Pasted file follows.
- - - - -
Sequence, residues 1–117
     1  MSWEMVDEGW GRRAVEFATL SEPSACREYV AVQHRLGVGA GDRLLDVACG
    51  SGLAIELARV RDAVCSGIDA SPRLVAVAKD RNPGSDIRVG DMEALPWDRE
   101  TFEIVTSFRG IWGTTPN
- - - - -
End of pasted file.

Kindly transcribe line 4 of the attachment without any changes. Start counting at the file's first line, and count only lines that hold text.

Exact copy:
   101  TFEIVTSFRG IWGTTPN